Sunday, December 11, 2011

Nobody Trusts Atheists

Andrew Sullivan flags another study showing that most religious people think there are many possible paths to god:
Which I think is great. But there are limits to the open-mindedness of religious people. Another study in the news this week confirms that religious people think atheists are criminally immoral. The abstract is below. The idea seems to be that as long as you think god is watching, you can be a good person, no matter how you imagine god, but without some notion of a watchful god you are all to likely to become a serial killer. But the Buddhists are right about this one: the root of morality is not the fear of god, but compassion.
Recent polls indicate that atheists are among the least liked people in areas with religious majorities (i.e., in most of the world). The sociofunctional approach to prejudice, combined with a cultural evolutionary theory of religion’s effects on cooperation, suggest that anti-atheist prejudice is particularly motivated by distrust. Consistent with this theoretical framework, a broad sample of American adults revealed that distrust characterized anti-atheist prejudice but not anti-gay prejudice (Study 1). In subsequent studies, distrust of atheists generalized even to participants from more liberal, secular populations. A description of a criminally untrustworthy individual was seen as comparably representative of atheists and rapists but not representative of Christians, Muslims, Jewish people, feminists, or homosexuals (Studies 2-4). In addition, results were consistent with the hypothesis that the relationship between belief in God and atheist distrust was fully mediated by the belief that people behave better if they feel that God is watching them (Study 4). In implicit measures, participants strongly associated atheists with distrust, and belief in God was more strongly associated with implicit distrust of atheists than with implicit dislike of atheists (Study 5). Finally, atheists were systematically socially excluded only in high-trust domains; belief in God, but not authoritarianism, predicted this discriminatory decision-making against atheists in high trust domains (Study 6). These 6 studies are the first to systematically explore the social psychological underpinnings of anti-atheist prejudice, and converge to indicate the centrality of distrust in this phenomenon.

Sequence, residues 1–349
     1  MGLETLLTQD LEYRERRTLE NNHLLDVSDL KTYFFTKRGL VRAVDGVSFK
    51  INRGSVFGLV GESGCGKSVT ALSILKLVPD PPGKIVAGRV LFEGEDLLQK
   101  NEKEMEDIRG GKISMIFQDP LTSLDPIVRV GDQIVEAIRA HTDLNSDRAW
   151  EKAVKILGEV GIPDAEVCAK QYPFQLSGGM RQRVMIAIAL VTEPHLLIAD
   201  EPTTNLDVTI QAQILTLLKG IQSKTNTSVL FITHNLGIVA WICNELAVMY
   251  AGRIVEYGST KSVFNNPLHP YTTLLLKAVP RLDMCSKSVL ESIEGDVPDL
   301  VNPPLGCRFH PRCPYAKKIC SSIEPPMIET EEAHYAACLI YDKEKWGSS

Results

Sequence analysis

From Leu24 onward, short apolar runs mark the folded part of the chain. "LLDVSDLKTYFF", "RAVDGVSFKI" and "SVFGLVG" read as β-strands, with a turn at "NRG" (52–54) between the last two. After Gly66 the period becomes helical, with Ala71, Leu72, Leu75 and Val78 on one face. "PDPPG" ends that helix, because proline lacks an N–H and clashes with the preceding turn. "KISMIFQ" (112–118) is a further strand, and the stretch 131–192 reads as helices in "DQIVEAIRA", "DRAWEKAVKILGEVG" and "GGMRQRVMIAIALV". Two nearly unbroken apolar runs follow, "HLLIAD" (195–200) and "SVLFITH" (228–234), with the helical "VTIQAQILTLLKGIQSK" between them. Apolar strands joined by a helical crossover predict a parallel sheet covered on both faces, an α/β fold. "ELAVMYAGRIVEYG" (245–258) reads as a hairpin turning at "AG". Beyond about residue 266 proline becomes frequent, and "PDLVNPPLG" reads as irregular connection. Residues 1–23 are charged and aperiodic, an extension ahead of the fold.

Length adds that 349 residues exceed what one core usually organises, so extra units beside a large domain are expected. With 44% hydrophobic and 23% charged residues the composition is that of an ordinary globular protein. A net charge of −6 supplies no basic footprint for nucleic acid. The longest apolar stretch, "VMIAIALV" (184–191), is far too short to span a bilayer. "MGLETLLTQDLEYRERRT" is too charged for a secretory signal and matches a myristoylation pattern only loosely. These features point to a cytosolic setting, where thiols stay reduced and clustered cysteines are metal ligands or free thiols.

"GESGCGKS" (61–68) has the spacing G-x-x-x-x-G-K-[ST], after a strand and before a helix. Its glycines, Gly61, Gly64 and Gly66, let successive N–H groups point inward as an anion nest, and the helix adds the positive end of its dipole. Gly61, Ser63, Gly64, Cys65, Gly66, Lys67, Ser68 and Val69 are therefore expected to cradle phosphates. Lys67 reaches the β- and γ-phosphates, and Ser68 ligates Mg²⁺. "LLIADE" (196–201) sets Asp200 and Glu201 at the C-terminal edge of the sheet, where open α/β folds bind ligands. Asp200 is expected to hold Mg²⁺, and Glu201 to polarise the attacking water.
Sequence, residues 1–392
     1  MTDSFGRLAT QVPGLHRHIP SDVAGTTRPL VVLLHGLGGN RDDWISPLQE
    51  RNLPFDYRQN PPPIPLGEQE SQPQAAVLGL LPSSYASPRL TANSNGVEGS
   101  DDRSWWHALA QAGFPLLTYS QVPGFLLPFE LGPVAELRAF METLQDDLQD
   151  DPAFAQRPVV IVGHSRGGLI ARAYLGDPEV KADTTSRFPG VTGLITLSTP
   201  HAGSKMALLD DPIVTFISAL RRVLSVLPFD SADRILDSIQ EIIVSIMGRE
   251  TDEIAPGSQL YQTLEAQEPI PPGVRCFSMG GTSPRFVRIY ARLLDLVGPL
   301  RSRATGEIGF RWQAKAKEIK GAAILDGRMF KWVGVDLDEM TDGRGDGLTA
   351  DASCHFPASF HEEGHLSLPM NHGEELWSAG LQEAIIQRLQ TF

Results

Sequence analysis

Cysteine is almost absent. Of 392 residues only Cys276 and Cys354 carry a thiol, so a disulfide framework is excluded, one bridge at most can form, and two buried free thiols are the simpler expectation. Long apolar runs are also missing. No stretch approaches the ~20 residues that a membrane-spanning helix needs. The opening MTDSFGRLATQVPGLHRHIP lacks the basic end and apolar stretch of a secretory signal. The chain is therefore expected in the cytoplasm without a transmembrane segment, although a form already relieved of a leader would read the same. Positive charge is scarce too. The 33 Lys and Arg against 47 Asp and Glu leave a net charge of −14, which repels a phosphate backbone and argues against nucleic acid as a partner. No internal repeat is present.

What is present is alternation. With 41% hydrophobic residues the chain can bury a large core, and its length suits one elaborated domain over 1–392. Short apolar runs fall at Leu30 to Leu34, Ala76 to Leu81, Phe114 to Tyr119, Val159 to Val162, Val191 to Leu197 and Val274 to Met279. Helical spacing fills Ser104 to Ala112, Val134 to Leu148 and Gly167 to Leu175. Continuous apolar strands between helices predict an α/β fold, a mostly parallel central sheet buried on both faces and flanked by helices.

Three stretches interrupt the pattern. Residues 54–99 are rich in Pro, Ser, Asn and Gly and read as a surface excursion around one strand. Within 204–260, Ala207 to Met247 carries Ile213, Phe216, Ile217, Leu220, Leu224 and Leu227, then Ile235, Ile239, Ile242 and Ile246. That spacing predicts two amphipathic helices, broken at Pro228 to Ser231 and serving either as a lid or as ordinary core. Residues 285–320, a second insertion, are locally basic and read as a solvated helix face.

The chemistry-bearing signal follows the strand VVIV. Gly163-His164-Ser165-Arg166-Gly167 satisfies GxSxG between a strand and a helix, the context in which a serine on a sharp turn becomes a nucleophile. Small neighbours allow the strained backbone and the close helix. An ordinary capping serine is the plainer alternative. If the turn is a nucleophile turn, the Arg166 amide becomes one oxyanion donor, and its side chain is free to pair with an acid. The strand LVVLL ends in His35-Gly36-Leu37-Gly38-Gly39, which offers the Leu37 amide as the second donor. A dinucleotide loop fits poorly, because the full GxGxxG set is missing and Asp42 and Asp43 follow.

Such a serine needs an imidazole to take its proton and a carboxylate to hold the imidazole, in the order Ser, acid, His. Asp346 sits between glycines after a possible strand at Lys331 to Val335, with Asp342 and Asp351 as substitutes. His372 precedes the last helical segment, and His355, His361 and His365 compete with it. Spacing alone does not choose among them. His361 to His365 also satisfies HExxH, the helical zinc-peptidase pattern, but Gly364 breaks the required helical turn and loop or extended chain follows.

Gervais WM, Shariff AF, and Norenzayan A. "Do you believe in atheists? Distrust is central to anti-atheist prejudice." Journal of Personal and Social Psychology. 2011 Dec;101(6):1189-206.

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